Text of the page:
9th Circuit scraps Congressional Review Act challenge

By Pamela King | 12/30/2019 01:12 PM EST

The Kanuti River winds through the Kanuti National Wildlife Refuge in Alaska.

The Kanuti River winds through the Kanuti National Wildlife Refuge in Alaska. Bill Raften/U.S. Fish and Wildlife

A federal appeals court today tossed out green groups’ challenge to a statute the Trump administration has invoked to wipe out many Obama-era environmental regulations.

The Center for Biological Diversity’s lawsuit targeted the Fish and Wildlife Service’s use of the Congressional Review Act to ditch certain hunting limits in national wildlife refuges in Alaska.

Republicans in Congress used the CRA in 2017 to undo more than a dozen rules introduced during the last six months of the Obama administration. Before that the statute was used only once to eliminate a regulation — a Clinton-era Labor Department rule on workplace ergonomics.


A panel of judges for the 9th U.S. Circuit Court of Appeals today found that they did not have jurisdiction to examine the environmental groups’ complaint that Congress’ resolution to erase the Alaska refuges rule violated a prior congressional mandate for the Interior Department to preserve wildlife refuges.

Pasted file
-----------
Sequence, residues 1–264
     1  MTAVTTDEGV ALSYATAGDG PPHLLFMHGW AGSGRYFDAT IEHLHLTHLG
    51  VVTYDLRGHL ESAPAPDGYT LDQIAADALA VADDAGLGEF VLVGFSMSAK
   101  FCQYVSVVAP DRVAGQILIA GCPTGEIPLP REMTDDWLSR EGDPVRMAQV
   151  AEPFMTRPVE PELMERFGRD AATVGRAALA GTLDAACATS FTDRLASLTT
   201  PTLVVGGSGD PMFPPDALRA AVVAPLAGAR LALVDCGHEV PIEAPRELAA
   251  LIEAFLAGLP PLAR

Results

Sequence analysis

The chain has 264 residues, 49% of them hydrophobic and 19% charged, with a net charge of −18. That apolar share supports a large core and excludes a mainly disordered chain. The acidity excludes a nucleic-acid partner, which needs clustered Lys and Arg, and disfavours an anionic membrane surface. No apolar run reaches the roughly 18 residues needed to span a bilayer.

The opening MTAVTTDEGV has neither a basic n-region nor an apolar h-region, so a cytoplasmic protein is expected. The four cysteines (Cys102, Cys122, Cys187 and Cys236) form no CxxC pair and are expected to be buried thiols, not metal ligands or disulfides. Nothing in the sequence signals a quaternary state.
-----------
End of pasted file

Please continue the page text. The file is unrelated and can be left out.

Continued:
"Congress’s efforts to exercise oversight of federal administrative agencies by means of the CRA are consistent with the ‘structure of this government, and the distribution of this mass of power among its constituent parts,’" Judge Sandra Ikuta wrote, quoting one of former President Madison’s Federalist Papers.

"Congress has validly deprived us of jurisdiction to consider claims that it violated the CRA’s statutory requirements."

Ikuta, a George W. Bush appointee, led the opinion, which largely agreed with the decision of a lower court.

Senior Judge Richard Tallman, a Clinton appointee, and Judge N. Randy Smith, another George W. Bush pick, also joined the decision.

Judge Sharon Gleason, an Obama appointee to the U.S. District Court for the District of Alaska, ruled last year that the CRA was constitutional (Greenwire, May 10, 2018).

Once a rule has been disapproved under the CRA, an agency cannot reintroduce a substantially similar regulation.

The Center for Biological Diversity said it was disappointed with the 9th Circuit’s ruling.

"But we should all be much more disappointed by the fact that the Trump administration and Congressional Republicans heartlessly allowed wolves and bears to be slaughtered on publicly owned national wildlife refuges, which are held in trust for all Americans now and in the future," Brett Hartl, government affairs director for the group, wrote in an emailed statement.

Interior was not immediately available for comment.